Here is a letter to the editor that Debbie Bookstaber wrote in response to criticism of her leadership of a bipartisan alumni protest against the admission of Taliban leader Rahmatullah Hashemi to Yale:
To the editor:
In 2006, Yale University, allowed a former leader of the Afghanistan Taliban regime to enroll in a special student program. That man, Sayed Rahmatullah Hashemi, had only a fourth grade education, and had previously toured the United States as a representative and apologist of one of the most brutal and misogynistic governments in modern times. I was shocked by Hashemi’s admission since I had seen numerous academically-qualified students from our own area rejected.
I joined a bipartisan alumni campaign to encourage Yale to reject Hashemi's application for continued enrollment. This was not about political ideas, but rather about our alma mater bending its own rules to offer an exceptional opportunity to a man guilty of human rights abuse. We felt that if Yale was going to recruit students from Afghanistan it would be more fitting to help victims of the Taliban's years of oppression.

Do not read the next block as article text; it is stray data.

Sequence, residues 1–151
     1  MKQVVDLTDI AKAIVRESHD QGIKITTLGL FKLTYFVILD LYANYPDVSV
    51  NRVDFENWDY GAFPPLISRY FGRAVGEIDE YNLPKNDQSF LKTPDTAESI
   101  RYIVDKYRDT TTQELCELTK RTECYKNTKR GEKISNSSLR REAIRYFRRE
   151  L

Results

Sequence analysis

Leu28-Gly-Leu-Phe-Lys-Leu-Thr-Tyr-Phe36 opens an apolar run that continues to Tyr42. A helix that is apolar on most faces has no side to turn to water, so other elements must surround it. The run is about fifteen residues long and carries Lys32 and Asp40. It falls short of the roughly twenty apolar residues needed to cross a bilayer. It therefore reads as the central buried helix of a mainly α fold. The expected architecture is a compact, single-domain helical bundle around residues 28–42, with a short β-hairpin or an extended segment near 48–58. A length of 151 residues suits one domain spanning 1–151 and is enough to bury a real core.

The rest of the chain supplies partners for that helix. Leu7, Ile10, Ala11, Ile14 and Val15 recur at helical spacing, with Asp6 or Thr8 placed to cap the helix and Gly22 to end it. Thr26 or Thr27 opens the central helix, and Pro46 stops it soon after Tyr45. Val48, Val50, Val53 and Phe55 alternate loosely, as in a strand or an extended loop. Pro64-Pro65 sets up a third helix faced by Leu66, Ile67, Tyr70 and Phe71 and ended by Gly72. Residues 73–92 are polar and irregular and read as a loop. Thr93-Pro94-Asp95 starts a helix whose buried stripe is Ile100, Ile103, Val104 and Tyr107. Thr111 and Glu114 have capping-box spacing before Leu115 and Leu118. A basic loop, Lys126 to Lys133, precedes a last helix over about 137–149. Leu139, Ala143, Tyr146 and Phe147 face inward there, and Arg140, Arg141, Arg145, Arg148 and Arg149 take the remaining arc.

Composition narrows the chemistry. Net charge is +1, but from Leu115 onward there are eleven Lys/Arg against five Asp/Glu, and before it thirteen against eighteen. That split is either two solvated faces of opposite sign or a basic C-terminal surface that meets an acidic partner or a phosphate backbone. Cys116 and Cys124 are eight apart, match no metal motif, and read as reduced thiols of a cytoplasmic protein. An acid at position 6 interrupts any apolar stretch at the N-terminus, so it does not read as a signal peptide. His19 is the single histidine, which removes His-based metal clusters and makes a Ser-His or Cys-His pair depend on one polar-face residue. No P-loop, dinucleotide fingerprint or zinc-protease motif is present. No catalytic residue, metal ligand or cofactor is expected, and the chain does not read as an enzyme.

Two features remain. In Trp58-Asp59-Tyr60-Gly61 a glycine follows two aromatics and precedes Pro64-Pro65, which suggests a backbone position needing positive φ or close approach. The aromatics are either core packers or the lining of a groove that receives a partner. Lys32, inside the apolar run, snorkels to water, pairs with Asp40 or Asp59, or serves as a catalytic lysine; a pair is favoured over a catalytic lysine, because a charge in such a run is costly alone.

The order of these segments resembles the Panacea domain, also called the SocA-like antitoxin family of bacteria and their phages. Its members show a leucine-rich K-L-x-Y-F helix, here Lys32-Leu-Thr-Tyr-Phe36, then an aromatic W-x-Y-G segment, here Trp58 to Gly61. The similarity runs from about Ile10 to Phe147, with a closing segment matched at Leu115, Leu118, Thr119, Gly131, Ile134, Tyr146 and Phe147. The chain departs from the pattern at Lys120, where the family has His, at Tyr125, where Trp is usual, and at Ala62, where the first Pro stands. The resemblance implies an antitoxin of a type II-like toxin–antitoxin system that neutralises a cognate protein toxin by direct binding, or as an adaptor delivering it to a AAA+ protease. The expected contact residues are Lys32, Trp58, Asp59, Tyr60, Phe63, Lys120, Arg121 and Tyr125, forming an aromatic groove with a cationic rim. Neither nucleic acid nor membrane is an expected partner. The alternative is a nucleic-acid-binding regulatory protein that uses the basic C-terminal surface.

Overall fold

Malalai Joya, the first female Afghan parliamentarian, called Hashemi’s status as a student at Yale "an unforgivable insult." Ultimately, Yale agreed. In July 2006, it was announced that Hashemi’s application to pursue a bachelor’s degree had been rejected.
Presently I am a candidate for the T/E school board. I understand that my involvement in that Yale Taliban protest is being misrepresented to undermine my candidacy. However, the alumni protest is well documented on the internet (search for "Nail Yale") and the facts are available for anyone to see.